Analysts at investment firms have kept a close eye on polling numbers and especially on the Intrade, an online marketplace where members can trade predictions on events like elections. Polls show voters leaning toward Obama in key swing states. On Intrade, the odds have swung strongly in Obama's direction, jumping to a 76 percent chance of re-election, up from 51 percent at the start of September.
Democrats are far less likely to take the House from Republicans, who hold a 50-seat majority. Intrade markets put the chance that Republicans will control the House at 74 percent.
If these forecasts prove right, the balance of power in Washington would remain the same. Democrats keep the White House and a slim majority in the Senate, and Republicans keep the House.
What troubles investors is that the same cast of characters who fought over raising the debt ceiling last year could be taking up the same task again while debating how best to maneuver around the fiscal cliff.
Expect to see a replay of the debt-ceiling fight, says Ian Lyngen, a senior government bond strategist at CRT Capital. Except that this time what's at stake is the country's borrowing limit and a recession.
"I'm sure it's going to go just like it did last time -- very messy," Lyngen says.
In one dizzying stretch that August, the Dow Jones industrial average dropped 2,000 points in three weeks.
"And don't forget," Lyngen adds, "that ultimately got resolved."
The widespread belief on Wall Street is that Congress and Obama will start negotiations over raising the debt limit and pushing back the fiscal cliff when they return in late November -- the so-called lame-duck session, because newly elected members of Congress will not have taken their seats.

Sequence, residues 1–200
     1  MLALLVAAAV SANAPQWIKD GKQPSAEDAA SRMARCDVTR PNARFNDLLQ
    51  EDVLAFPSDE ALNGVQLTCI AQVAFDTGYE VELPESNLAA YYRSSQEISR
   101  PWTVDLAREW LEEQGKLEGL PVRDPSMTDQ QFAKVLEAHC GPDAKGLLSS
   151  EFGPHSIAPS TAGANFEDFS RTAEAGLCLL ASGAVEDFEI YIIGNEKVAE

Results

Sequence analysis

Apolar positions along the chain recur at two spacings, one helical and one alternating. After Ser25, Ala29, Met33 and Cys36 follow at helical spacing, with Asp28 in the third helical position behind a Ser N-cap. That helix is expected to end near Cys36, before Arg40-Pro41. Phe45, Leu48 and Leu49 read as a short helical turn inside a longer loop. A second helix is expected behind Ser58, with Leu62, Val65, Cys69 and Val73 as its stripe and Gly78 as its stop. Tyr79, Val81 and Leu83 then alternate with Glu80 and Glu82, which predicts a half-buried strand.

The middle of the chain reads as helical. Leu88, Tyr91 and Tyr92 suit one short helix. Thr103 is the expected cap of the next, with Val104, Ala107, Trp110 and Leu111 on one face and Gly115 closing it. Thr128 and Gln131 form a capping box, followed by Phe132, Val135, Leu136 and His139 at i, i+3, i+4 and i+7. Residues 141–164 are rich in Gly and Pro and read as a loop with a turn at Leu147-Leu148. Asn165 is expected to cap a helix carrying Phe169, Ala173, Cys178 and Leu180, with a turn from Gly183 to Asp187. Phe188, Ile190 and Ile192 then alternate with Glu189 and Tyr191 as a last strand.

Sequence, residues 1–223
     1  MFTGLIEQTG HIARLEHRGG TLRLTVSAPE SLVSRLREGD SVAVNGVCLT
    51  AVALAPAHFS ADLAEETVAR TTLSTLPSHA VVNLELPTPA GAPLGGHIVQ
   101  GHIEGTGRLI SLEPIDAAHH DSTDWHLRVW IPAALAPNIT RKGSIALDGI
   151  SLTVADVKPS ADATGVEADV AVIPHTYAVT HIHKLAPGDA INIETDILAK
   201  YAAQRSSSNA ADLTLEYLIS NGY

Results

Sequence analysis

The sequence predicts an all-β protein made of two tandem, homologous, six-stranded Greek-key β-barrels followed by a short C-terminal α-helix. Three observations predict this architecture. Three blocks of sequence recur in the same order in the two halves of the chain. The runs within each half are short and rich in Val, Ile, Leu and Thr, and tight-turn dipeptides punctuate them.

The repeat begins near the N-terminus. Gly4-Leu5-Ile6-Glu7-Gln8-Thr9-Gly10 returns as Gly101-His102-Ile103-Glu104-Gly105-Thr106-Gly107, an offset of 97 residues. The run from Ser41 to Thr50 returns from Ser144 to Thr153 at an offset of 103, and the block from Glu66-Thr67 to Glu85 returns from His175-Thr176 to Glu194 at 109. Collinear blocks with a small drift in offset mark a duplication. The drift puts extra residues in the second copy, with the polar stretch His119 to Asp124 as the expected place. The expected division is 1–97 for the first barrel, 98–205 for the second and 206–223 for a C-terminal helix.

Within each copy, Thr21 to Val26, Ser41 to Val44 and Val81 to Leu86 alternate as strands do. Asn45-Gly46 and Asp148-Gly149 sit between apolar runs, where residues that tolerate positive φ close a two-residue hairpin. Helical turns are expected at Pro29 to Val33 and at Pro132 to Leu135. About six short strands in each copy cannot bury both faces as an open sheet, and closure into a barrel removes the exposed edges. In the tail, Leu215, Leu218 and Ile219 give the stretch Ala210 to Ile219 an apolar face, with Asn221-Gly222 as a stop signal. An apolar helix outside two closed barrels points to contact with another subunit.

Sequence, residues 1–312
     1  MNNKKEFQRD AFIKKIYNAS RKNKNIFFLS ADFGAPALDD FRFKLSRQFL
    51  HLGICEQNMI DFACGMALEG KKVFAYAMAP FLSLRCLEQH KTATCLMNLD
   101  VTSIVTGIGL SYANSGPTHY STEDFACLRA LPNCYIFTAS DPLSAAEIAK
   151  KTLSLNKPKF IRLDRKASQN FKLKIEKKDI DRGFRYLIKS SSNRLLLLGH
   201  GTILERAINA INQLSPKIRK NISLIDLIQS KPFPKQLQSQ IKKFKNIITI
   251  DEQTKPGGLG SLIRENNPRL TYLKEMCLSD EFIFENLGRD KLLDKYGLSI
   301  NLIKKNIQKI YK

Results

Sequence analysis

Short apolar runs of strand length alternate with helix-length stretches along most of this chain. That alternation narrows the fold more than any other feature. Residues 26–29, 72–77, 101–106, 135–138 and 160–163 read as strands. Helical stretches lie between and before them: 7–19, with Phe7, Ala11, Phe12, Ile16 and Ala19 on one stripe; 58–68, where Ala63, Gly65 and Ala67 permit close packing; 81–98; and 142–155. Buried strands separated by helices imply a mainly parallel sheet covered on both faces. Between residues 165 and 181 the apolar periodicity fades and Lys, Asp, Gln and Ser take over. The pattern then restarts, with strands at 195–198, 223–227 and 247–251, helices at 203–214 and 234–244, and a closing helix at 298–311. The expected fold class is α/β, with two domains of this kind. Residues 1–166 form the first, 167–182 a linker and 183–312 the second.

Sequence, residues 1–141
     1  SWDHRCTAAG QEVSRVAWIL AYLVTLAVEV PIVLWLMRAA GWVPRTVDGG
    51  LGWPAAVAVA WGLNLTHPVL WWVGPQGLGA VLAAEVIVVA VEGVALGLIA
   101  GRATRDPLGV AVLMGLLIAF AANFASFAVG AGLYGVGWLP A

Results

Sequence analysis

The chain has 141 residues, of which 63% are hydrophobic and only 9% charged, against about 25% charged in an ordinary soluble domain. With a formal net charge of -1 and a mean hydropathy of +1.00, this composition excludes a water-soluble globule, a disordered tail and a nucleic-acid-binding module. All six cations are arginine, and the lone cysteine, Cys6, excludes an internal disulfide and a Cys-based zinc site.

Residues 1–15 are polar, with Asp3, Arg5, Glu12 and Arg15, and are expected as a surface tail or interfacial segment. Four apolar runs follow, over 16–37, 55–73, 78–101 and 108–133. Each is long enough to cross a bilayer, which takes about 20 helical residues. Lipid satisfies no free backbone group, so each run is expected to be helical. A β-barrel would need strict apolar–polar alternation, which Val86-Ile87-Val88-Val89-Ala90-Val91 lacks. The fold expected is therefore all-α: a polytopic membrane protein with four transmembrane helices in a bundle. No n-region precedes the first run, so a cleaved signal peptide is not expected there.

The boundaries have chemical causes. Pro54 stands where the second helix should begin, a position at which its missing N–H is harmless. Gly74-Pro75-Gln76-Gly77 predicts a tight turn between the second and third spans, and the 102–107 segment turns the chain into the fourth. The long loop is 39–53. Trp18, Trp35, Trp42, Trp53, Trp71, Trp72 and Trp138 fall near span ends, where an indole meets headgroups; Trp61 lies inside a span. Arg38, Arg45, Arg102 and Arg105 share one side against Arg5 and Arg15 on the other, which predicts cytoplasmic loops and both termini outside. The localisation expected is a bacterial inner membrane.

Twists in the talks will likely rattle markets as the new year approaches. But if stocks do fall sharply, investors expect that would push Republicans and Democrats to reach a deal.
"Ugly negotiations in the lame-duck session could really throw the market for a loop," says Kleintop. "It could be a painful process for investors."
In a report out this week, analysts at Goldman Sachs tried to estimate just how painful the process will be. Goldman expects the stock market will start sinking after the elections as people realize the fiscal cliff "will not be solved in a smooth fashion."
That's the reason Goldman forecasts that one broad measure of the stock market, the Standard & Poor's 500 index, will end this year at 1,250 -- a 13 percent drop from where it closed Thursday.
But all of that mayhem sounds better than the alternative: another recession caused by letting the $600 billion in tax increases and spending cuts through. It's also why many take solace in the idea that, whatever their political party, nobody wants the economy to shrink.
Dan Greenhaus, chief global strategist at the brokerage BTIG, wonders if that's placing too much faith in Washington. "Republicans aren't losing the House," Greenhaus said. "So as the odds of Obama winning re-election go up, what you have to ask is: How are these two parties going to find middle ground in just a few months? I have no idea."